Meet our members
Most members of the House of Lords are appointed for life ('life peers'), and members no longer inherit their seats. Many members have a political background but many come from other professional backgrounds including medicine, the military, business, science and technology, the creative industries and the law.
Members come from different backgrounds and most faiths and ethnic groups in the UK are represented. Many remain active in their careers and apply their professional experience to the House's work.
Around a fifth of members are Crossbenchers, an independent group and a unique feature of the Lords. Compromise and consensus with the Crossbenchers is often important because no party has a majority in the Lords.
Key members of the Lords from episode one
Baroness King of Bow
Baroness King is currently on leave of absence from the House of Lords. A member who will not be able to attend for a significant period of time may obtain leave of absence.
Once granted, the member cannot attend sittings of the House. To attend again, they must give three months’ notice.
Whips in the Lords
There are two groups of whips in the House of Lords: government whips, who are members of the government and may draw a salary in the same way as a minister, and party whips, who are volunteers and not members of government. Lord Borwick, seen in episode one of Meet the Lords, is a party whip and not a member of the government.
Government whips are members of the Lords appointed by the government to help organise their party’s and members’ contribution to parliamentary business. The unpaid party whips assist with communication between government and members of their party.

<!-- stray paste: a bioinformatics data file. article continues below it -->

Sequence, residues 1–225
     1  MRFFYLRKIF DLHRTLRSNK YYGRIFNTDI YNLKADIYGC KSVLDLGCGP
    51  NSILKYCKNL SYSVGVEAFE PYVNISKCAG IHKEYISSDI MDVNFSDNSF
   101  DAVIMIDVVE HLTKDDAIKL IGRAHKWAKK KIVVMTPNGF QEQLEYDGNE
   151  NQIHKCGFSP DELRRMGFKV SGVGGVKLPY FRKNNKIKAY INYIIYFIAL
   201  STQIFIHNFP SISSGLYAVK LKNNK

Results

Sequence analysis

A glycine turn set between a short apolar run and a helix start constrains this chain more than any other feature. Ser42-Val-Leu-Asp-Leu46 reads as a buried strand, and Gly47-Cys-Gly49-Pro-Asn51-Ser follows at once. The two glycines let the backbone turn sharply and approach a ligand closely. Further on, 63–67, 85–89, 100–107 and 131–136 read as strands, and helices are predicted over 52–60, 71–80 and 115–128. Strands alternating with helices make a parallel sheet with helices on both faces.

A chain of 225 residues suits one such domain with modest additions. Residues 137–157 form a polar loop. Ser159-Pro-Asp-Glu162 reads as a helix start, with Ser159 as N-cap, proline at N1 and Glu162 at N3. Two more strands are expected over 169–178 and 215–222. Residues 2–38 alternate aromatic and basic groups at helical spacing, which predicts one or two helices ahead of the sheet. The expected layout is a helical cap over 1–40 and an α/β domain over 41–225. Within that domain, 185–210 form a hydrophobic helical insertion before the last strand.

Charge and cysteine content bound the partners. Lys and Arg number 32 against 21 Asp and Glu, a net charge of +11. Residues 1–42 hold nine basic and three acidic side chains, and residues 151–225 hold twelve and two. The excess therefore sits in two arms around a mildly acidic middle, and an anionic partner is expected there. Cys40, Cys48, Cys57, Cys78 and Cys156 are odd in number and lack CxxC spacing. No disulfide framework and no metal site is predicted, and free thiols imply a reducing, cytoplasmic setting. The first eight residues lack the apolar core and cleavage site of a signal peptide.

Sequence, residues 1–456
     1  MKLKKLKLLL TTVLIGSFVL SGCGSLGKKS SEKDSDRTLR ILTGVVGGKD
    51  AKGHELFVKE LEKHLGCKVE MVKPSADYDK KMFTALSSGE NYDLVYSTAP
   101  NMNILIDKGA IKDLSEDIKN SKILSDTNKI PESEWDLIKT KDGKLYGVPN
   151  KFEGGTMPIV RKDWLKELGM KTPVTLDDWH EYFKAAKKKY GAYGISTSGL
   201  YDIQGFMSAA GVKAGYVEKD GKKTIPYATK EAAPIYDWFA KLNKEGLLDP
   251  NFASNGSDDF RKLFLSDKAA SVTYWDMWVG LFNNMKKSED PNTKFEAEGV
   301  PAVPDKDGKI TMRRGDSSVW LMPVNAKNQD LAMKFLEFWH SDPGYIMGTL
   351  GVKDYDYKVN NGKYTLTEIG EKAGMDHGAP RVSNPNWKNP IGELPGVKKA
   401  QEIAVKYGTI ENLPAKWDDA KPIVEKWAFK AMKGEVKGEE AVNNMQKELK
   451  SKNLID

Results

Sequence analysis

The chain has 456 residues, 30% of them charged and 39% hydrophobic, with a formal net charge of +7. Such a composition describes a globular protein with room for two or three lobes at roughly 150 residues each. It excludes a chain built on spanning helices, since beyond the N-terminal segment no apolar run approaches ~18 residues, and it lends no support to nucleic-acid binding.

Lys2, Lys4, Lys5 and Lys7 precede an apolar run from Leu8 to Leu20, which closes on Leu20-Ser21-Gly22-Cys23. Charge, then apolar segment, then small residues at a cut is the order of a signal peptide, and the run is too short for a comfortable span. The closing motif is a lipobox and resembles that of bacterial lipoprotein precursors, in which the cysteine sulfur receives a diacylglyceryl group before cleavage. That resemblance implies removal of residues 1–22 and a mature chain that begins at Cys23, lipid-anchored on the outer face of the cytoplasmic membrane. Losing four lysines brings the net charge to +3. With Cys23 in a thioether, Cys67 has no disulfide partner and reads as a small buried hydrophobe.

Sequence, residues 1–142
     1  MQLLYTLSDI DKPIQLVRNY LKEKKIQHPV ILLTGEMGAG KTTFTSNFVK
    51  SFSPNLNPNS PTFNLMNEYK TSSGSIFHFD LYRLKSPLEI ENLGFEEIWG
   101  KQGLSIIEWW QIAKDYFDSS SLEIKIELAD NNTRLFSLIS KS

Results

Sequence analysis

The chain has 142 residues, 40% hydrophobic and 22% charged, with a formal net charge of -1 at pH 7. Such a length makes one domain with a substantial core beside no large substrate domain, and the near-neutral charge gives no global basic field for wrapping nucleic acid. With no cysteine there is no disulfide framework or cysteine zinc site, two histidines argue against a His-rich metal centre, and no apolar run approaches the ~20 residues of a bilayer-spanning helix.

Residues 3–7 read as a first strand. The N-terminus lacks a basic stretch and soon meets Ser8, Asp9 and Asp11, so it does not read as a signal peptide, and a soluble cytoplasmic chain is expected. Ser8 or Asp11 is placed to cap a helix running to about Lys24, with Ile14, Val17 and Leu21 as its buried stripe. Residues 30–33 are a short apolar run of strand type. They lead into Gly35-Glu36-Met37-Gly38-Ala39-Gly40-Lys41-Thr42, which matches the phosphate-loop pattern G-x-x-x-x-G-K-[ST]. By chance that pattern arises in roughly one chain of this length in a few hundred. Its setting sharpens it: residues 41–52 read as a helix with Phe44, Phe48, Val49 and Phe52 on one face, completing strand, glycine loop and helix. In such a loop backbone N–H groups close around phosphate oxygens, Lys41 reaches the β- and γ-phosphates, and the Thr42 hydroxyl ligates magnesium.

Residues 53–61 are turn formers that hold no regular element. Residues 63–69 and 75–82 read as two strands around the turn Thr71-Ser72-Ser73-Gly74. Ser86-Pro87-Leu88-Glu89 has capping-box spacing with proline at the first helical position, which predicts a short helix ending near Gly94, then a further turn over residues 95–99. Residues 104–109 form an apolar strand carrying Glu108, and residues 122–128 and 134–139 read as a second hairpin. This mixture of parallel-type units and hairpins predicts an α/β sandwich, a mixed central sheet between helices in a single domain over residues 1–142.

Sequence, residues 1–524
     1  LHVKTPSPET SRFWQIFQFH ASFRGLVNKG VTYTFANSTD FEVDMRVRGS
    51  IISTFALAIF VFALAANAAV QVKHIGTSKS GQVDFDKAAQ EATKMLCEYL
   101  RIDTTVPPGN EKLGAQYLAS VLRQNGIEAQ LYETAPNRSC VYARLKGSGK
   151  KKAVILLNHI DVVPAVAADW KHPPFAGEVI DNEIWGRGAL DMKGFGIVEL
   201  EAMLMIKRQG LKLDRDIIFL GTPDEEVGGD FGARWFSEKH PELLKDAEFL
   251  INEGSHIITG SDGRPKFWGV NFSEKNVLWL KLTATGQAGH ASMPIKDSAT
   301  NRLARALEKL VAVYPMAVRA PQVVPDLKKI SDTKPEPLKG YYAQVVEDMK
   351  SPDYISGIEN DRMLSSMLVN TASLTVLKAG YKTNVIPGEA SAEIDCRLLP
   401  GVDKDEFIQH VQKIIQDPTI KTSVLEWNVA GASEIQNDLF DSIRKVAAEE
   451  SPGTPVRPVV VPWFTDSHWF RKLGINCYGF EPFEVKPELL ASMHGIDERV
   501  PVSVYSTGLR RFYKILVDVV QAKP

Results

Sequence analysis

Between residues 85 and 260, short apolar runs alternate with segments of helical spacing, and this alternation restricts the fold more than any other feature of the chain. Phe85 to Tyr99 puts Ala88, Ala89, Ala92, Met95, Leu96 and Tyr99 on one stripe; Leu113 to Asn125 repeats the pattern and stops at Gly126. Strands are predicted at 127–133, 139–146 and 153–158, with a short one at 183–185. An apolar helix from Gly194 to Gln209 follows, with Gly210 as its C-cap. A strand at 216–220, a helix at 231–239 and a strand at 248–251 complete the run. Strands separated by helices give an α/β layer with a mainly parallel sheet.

One of the whips’ responsibilities is to make sure the maximum number of their party members vote, and vote the way their party wants. They also negotiate behind the scenes to arrange the day to day business in the Lords.
All the political parties have whips but the Crossbenchers do not. The Convenor of the Crossbench Peers represents their interests but does not advise them on how to vote.
Size of the House of Lords
The Lord Speaker’s committee on the size of the House of Lords was set up in the wake of the House agreeing unanimously on 5 December 2016 ‘that this House believes that its size should be reduced, and methods should be explored by which this could be achieved.’
The committee will offer the Lord Speaker advice on what might command broad consensus across the House and beyond. It is currently considering written evidence it has received on this issue.
Work of the House of Lords
Members of the Lords work on behalf of the UK public examining draft laws, checking government action and investigating public policy, often persuading the government to make changes on a range of issues.
The 2015-16 session ran from 27 May 2015 to 12 May 2016, and during this time:
- 78 bills were introduced
- 3,678 changes were considered
- 1,254 changes were made
- 27 reports were produced by the main committees
- 710 members spoke in debates
- 779 voted in divisions
- 321 were members of select committees
Financial support for members of the House of Lords
Members of the House of Lords are not paid a salary. They can claim an allowance when they attend a sitting. To claim the allowance, members of the Lords must sign a declaration that they are undertaking parliamentary work. This can include speaking and voting in the chamber or sitting on a committee but it is not limited to these activities, and much of it would not leave a record in Hansard. Members can also choose to claim a reduced daily allowance of £150 or may choose not to submit a claim at all.
Lord Bird's maiden speech
Lord Bird gives his maiden speech and takes part in Lords questions for the first time.
Children and Social Work Bill